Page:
Our research: Sustainability
The central thrust behind sustainability is the capacity of metropolitan areas to grow and prosper without destroying or depleting natural resources. Our research focuses on the dynamics of sustainable systems, including restoring and improving urban infrastructure, access to clean water and clean air, advanced construction techniques and management, environmental fluid dynamics, transportation planning as well as geotechnical and geoenvironmental engineering.
Integrated models for transportation infrastructure
Ram Pendyala, a professor of civil and environmental engineering in the School of Sustainable Engineering and the Built Environment, oversees several graduate students in a research effort to improve the transportation systems in the Phoenix Metro area.
The focus of their research is to integrate three different model systems that will forecast traffic on roadways and the demand of public transportation systems. These models will also assist with analyzing transportation policies and scenarios to make transportation more sustainable.
The graduate students working under Pendyala have worked in a team effort to develop, test and run the software for the model systems. One of the systems is a simulation of the intersection where the Loop 202 meets the Loop 101 on the border of Tempe and Mesa, Ariz. The simulation displays the exact movements of the individual vehicles on the road. This technology can be used to see where and when bottlenecks or congestion occur at the intersection.
For his efforts in advancing transportation systems, Pendyala has been awarded a grant by the Federal Highway Administration of the U.S. Department of Transportation under its Exploratory Advanced Research Program. Model systems such as these will greatly benefit the Phoenix metropolitan area as the cities grow. With the increasing population, officials will have to try and advance public transportation systems and make transportation more sustainable. The model systems that Pendyala and his team of researchers have developed can greatly assist these efforts.
Rittmann named IWA Fellow
Bruce Rittmann, professor in the School of Sustainable Engineering and the Built Environment, has been named a Fellow of the International Water Association. The IWA is a global network for engineers, scientists and other professionals in the water resources field. The IWA consists of more than 10,000 members including researchers, utility managers, consultants, industry representatives, health regulators and equipment manufacturers.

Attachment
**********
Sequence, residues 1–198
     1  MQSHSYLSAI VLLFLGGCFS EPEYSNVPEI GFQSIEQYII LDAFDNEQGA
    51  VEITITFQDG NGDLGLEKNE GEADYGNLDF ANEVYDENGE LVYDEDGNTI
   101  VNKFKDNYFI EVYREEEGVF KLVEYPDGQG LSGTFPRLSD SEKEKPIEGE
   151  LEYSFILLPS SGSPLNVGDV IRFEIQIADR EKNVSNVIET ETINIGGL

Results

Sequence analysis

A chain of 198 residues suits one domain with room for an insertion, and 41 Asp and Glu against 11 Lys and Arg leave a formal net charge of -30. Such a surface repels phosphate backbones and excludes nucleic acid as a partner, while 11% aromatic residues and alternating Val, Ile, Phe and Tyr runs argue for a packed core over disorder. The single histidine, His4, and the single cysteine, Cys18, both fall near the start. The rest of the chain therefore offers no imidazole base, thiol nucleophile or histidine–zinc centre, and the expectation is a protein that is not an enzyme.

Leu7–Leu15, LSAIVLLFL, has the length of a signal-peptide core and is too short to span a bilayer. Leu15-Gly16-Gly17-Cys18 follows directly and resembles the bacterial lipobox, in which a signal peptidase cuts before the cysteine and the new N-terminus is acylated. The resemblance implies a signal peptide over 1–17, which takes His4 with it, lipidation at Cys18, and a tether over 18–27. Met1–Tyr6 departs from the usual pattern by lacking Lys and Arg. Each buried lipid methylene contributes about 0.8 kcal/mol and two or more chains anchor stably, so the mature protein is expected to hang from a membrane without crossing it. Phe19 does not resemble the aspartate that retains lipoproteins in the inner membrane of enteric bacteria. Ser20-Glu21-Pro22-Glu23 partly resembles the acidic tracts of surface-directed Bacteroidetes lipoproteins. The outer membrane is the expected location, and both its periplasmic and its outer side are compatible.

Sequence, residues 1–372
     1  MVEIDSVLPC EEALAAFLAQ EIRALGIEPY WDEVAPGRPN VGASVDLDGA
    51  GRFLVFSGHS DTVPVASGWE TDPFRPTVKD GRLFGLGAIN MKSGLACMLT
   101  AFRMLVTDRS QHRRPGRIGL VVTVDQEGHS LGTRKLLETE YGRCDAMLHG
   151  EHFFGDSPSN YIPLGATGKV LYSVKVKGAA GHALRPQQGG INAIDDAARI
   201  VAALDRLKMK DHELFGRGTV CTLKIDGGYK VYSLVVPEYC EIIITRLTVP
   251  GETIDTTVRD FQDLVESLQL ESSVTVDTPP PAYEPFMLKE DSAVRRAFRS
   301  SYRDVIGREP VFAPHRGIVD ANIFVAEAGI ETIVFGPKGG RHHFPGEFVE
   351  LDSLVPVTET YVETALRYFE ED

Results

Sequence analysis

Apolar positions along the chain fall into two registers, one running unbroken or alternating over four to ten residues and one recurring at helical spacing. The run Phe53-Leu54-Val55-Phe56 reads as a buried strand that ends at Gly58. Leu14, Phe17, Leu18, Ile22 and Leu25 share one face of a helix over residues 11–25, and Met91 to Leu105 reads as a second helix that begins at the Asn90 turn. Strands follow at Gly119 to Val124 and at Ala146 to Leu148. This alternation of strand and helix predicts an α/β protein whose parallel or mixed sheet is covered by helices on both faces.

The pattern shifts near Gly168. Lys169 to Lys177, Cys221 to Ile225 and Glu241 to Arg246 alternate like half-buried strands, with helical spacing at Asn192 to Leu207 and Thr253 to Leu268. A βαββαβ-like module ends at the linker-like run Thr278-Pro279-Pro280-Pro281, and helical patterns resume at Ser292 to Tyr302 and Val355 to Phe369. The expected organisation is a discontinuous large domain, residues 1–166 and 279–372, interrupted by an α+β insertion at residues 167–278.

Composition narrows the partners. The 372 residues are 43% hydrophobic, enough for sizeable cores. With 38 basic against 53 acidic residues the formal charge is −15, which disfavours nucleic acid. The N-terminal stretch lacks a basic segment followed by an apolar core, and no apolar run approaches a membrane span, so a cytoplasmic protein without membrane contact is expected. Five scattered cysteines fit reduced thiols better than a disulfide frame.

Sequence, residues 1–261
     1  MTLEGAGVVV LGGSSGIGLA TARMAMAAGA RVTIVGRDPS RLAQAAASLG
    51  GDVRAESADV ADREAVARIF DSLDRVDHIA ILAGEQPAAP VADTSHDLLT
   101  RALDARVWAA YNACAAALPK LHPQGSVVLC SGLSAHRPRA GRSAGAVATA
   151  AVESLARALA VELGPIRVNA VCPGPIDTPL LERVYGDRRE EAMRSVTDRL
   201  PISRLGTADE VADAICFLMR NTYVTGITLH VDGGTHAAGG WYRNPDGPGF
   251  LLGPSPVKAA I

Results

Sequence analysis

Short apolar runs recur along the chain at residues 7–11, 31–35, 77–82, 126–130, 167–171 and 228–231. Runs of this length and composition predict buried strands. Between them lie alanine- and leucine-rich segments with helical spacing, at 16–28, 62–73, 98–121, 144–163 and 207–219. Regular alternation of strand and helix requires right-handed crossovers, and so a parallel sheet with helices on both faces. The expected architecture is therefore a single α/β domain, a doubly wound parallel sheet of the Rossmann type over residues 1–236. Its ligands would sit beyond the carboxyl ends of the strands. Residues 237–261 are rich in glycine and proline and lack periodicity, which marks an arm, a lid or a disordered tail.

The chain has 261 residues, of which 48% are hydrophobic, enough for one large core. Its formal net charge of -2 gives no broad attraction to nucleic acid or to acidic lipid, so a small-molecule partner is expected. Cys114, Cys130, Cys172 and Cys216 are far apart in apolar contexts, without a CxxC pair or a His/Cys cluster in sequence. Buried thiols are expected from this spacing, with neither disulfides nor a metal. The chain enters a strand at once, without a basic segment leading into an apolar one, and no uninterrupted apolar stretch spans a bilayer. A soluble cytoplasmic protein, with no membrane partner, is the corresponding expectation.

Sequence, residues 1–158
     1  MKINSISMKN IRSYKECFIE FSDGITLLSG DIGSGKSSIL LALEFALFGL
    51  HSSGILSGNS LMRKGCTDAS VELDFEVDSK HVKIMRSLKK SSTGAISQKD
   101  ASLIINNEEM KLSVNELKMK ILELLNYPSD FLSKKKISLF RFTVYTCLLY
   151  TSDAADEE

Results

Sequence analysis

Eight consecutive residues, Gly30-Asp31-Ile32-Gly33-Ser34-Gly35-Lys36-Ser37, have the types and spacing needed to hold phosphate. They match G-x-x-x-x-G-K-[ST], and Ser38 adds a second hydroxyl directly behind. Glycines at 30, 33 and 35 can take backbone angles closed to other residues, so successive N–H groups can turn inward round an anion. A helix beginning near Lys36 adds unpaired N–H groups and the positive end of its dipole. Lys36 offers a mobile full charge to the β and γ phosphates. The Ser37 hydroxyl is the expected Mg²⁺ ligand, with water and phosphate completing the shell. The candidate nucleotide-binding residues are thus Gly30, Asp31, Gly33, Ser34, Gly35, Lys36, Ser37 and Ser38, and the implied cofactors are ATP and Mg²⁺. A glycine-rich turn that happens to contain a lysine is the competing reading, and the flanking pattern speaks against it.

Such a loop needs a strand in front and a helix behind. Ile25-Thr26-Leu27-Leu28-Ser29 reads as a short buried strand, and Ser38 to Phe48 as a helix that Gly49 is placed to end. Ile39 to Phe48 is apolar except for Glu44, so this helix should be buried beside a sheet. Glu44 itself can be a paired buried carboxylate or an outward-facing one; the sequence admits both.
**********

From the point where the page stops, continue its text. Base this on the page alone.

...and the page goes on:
As a Fellow, Rittmann will have opportunities for collaborations with other leading IWA members.
Rittmann is an ASU Regents’ Professor of Environmental Engineering, a Distinguished Sustainability Scientist with ASU’s Global Institute of Sustainability and director of the Swette Center for Environmental Biotechnology at ASU’s Biodesign Institute.
Urban development in Mexico
Monterrey is a budding city in Mexico that has a promising future with a large obstacle to overcome. The infrastructure that currently provides quality water to the four million inhabitants of Monterrey is not prepared for the influx of demand that will ensue from economic growth. This year, researchers at Arizona State University and Mexico’s Monterrey Institute of Technology and Higher Education (Tec de Monterrey) formed the Water Innovation Consortium to do the groundwork for a modern and sustainable water resources management system for the city and its suburbs.
Enrique R. Vivoni, an associate professor in both the School of Sustainable Engineering and the Built Environment and the School of Earth and Space Exploration, is a leader of the consortium—one of several sustainability projects Vivoni is conducting in Mexico.